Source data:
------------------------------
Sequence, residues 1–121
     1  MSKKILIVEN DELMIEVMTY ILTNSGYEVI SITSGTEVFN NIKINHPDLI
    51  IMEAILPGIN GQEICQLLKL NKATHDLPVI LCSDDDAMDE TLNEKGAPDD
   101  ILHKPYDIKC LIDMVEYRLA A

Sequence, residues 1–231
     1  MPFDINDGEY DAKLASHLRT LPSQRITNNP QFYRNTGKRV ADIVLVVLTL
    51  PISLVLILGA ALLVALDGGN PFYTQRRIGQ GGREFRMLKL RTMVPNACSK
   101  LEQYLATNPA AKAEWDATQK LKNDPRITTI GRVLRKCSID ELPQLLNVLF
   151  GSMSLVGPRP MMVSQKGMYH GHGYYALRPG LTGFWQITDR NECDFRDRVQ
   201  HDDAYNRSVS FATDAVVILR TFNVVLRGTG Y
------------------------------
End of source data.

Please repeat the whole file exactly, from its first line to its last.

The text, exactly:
Sequence, residues 1–121
     1  MSKKILIVEN DELMIEVMTY ILTNSGYEVI SITSGTEVFN NIKINHPDLI
    51  IMEAILPGIN GQEICQLLKL NKATHDLPVI LCSDDDAMDE TLNEKGAPDD
   101  ILHKPYDIKC LIDMVEYRLA A

Sequence, residues 1–231
     1  MPFDINDGEY DAKLASHLRT LPSQRITNNP QFYRNTGKRV ADIVLVVLTL
    51  PISLVLILGA ALLVALDGGN PFYTQRRIGQ GGREFRMLKL RTMVPNACSK
   101  LEQYLATNPA AKAEWDATQK LKNDPRITTI GRVLRKCSID ELPQLLNVLF
   151  GSMSLVGPRP MMVSQKGMYH GHGYYALRPG LTGFWQITDR NECDFRDRVQ
   201  HDDAYNRSVS FATDAVVILR TFNVVLRGTG Y